Medical Education in the Philippines
Author: Diana Francesca Gepte
Editor: Akihiko Ozaki M.D.,
I was 13 years old when I watched my uncle as the Department of Health spokesperson on Philippine television during the 2003 SARS outbreak, and I decided in that moment that I wanted to be a medical doctor. At such a tender age, I had no conception of the challenges ahead, but I chose to take the path anyway, both with excitement and a deep sense of courage.
The Philippine education system, including medical education, is heavily influenced by the American system of education. This is primarily due to periods of foreign occupation, with the United States leaving the most remarkable impression. In this system, it is a requirement that, in order to pursue higher education (i.e., postgraduate studies such as law or medicine), a student must be able to complete elementary education, high school, and an undergraduate or bachelor’s degree program. The duration of a bachelor’s degree program is a minimum of 4 years. A high school graduate who would later like to pursue medical education may actually choose any degree program for undergraduate studies; for example, he or she may choose a health-related course (e.g., BS Nursing, BS Occupational Therapy, BS Speech Pathology) or a non-health related course (e.g., Culinary, Engineering, Music) as a pre-medical course. Those who have completed a non-health related course will need to add Biology, Chemistry, Physics, and Math units to be eligible for medical school.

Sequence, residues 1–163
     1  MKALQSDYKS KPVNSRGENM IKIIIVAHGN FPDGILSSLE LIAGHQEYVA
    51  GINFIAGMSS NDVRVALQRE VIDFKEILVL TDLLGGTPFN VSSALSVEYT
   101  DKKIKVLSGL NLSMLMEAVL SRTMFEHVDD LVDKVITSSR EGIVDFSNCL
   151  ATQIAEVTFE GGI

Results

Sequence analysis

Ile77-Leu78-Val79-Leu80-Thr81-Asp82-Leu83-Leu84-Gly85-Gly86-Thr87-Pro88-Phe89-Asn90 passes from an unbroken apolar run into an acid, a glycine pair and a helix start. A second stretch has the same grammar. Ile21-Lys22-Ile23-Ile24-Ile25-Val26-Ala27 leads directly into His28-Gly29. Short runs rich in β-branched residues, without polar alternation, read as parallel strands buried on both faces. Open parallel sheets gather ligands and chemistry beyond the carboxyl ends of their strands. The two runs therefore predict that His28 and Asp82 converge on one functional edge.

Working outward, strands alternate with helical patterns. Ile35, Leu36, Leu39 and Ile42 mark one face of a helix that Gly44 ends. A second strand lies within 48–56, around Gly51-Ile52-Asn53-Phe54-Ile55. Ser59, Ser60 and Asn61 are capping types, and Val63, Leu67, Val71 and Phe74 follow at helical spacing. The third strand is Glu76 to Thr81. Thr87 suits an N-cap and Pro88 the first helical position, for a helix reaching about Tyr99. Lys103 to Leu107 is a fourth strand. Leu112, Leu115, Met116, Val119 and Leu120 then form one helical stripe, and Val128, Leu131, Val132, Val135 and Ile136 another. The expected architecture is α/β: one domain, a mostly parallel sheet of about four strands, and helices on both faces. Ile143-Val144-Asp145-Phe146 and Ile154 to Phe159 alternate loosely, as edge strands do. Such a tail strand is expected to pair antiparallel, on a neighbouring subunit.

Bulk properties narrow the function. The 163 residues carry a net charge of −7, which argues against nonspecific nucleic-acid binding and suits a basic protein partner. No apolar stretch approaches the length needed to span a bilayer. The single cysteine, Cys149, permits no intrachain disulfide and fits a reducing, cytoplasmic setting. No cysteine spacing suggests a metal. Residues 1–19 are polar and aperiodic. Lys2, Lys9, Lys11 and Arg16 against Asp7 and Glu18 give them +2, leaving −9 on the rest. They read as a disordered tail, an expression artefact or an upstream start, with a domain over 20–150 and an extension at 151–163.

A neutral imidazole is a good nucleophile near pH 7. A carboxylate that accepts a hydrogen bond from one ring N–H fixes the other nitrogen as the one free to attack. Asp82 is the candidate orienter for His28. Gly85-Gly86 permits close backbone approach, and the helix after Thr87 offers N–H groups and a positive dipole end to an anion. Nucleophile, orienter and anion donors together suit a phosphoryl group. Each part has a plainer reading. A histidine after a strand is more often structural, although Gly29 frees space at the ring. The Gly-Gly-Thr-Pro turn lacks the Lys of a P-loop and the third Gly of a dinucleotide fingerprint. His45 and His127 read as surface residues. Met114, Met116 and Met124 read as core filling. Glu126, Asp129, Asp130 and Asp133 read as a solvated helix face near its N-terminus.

I was 17 when I began my Bachelor of Sciences in Public Health as a pre-medical course in the University of the Philippines-Manila. I chose Public Health as an undergraduate course with only the knowledge that it would help me achieve my ultimate goal. Later, af